Having failed the first two prongs of the preliminary injunction test, the final two factors were more perfunctory than dispositive. The court, in two paragraphs, noted that the balance of harm does not appear to clearly favor either party, and the public interest similarly “cuts both ways.” In the end, it found that neither factor did much to change its earlier conclusions, and so ruled that because Hearst had failed to show a likelihood of success on the merits, and failed to show irreparable harm, its request for a preliminary injunction was denied.
What does this case mean in a larger context? For one, it is clear that attempts to use decades-old law to regulate cutting edge technology are bound to create serious problems of interpretation. The Copyright Law regarding these issues as cited by the court comes from 1976, when cable television was still in its infancy, and has not truly evolved to keep up with the times. The court’s ruling can be interpreted in different ways. Some will argue that it allows emergent forms of technology to effectively flout copyright laws and profit off the protected material of others due to unforeseen loopholes in the law. Others will take the opposing view, that the courts are unwilling to force new forms of technology into an antiquated regime of law, and will instead allow them to innovate new forms of content distribution until some elected body makes the conscious decision to regulate these new technologies.
Last week’s post focused on the court’s rejection of Aereo’s motion to change venues. But that was all the good news that the Hearst Group would receive that day, as the court next denied its request for a preliminary injunction. As is mandated in these cases, the court looked through the four-part test for granting preliminary injunctions, and found that there were insufficient grounds to enjoin Aereo’s activities while the litigation was ongoing.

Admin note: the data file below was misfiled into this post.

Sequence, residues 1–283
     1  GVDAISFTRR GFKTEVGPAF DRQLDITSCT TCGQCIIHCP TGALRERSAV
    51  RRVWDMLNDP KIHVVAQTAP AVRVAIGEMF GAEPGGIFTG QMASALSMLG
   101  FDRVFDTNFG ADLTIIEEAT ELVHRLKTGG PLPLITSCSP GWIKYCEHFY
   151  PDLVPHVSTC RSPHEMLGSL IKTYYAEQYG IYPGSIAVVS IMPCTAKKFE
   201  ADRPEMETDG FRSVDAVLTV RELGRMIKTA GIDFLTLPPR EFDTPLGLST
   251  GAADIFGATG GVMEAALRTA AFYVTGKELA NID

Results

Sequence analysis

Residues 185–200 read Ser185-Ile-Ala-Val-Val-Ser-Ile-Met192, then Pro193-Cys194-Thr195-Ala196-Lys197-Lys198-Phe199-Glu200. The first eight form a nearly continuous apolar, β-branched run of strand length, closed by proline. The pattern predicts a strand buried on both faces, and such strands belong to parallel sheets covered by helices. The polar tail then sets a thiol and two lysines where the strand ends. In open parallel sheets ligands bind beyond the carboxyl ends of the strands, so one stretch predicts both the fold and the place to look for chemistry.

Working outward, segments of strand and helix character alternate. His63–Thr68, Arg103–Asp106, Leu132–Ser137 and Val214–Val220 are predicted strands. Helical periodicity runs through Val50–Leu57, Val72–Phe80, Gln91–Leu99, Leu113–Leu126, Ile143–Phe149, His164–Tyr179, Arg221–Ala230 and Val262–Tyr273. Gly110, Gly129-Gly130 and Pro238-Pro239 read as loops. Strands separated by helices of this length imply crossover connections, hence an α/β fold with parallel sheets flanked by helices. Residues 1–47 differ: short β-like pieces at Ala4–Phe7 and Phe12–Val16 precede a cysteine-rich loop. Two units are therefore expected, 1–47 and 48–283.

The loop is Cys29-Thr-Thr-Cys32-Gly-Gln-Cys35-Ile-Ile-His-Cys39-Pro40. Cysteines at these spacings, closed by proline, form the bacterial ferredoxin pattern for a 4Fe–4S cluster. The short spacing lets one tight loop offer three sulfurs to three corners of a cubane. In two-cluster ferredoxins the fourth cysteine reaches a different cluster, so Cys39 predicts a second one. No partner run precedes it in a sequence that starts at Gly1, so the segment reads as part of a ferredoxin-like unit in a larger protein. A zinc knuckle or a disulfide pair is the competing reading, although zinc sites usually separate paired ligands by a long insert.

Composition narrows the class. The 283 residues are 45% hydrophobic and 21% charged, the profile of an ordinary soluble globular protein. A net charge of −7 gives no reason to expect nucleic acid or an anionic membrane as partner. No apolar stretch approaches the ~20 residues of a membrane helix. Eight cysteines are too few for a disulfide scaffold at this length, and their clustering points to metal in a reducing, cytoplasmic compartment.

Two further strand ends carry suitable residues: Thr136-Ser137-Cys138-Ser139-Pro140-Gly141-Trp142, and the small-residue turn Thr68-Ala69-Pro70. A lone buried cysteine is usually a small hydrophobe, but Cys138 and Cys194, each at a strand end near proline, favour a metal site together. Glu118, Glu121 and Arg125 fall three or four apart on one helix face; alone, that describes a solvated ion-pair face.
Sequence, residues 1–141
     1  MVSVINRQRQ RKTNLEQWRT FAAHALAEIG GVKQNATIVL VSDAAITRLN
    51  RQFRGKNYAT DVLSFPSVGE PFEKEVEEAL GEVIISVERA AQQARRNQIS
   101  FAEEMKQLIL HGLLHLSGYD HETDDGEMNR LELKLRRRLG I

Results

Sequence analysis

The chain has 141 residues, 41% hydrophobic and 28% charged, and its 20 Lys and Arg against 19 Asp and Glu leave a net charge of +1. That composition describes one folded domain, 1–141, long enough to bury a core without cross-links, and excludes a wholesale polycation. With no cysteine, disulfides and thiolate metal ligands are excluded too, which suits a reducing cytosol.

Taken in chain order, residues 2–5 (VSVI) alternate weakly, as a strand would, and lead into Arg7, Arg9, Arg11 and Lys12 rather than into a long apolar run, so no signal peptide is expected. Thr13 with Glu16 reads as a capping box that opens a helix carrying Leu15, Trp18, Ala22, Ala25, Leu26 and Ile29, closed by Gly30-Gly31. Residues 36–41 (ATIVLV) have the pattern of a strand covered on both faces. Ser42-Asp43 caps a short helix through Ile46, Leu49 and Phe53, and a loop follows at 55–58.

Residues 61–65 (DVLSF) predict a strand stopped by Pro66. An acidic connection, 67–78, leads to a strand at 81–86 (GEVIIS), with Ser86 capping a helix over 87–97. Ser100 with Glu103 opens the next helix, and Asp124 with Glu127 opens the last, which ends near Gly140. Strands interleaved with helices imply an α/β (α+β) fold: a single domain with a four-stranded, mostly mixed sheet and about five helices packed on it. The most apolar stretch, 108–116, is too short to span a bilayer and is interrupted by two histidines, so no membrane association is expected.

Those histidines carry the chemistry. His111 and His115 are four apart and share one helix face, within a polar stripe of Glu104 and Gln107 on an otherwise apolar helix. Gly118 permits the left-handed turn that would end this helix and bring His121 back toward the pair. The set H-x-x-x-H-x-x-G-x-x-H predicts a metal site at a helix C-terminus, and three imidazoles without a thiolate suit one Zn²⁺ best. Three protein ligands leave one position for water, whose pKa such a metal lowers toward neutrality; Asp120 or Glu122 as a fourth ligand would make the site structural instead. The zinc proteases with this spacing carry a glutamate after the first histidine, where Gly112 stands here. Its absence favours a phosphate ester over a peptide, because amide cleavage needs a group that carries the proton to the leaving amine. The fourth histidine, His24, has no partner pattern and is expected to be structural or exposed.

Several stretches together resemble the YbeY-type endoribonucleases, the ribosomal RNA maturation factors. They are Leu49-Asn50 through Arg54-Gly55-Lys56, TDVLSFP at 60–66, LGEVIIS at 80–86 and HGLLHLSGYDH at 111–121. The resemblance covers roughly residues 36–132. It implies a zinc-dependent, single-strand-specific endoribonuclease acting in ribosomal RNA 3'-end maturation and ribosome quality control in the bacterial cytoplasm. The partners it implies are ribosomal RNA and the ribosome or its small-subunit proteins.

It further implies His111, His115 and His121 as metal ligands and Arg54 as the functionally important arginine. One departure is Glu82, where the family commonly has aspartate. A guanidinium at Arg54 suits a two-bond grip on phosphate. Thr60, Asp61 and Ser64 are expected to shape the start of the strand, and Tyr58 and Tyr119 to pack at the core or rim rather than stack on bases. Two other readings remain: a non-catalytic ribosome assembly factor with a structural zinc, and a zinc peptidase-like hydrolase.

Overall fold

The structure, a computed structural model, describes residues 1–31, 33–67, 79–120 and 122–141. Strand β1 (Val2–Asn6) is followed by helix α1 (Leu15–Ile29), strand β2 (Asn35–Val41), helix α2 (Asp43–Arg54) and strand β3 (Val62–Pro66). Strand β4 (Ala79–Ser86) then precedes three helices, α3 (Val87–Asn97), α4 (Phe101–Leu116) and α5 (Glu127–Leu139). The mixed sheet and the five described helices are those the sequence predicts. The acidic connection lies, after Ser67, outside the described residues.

First, the court examined the likelihood of success on the merits, noting that, in the 1st Circuit, at least, this factor is the most important. At this point, the technological advancements of the past few years run headlong into the decades-old body of copyright law. The court first concedes that the 1st Circuit has never ruled whether the use of a DVR-like device infringes on the right of the copyright holder, more specifically, whether Aereo’s interception and conversion of the broadcast into a digital and recordable form infringes on the copyright holder’s exclusive right to control the public transmission of its works.
Lacking any direct precedent of its own, the court turned to the 2nd circuit, which had previously ruled that a DVR, in effect, created a personal recording of the broadcast, and then transmitted that personal copy to the viewer, meaning that it did not publicly re-transmit the broadcast, and so did not infringe on any copyright. Aereo, as the court noted, had already successfully defended its service in the 2nd circuit, and had won because the court found that its service was sufficiently similar to the earlier DVR case and that, therefore, no infringement had taken place. More specifically, that court had noted that Aereo only allowed viewers to view those digital copies that Aereo had specifically prepared for them at their request, and that each copy was unique.